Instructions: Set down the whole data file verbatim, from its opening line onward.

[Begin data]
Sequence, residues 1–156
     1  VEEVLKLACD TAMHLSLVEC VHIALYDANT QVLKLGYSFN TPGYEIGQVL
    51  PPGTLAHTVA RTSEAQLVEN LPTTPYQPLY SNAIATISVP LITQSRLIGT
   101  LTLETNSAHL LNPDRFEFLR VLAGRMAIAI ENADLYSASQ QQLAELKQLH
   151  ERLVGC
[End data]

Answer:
Sequence, residues 1–156
     1  VEEVLKLACD TAMHLSLVEC VHIALYDANT QVLKLGYSFN TPGYEIGQVL
    51  PPGTLAHTVA RTSEAQLVEN LPTTPYQPLY SNAIATISVP LITQSRLIGT
   101  LTLETNSAHL LNPDRFEFLR VLAGRMAIAI ENADLYSASQ QQLAELKQLH
   151  ERLVGC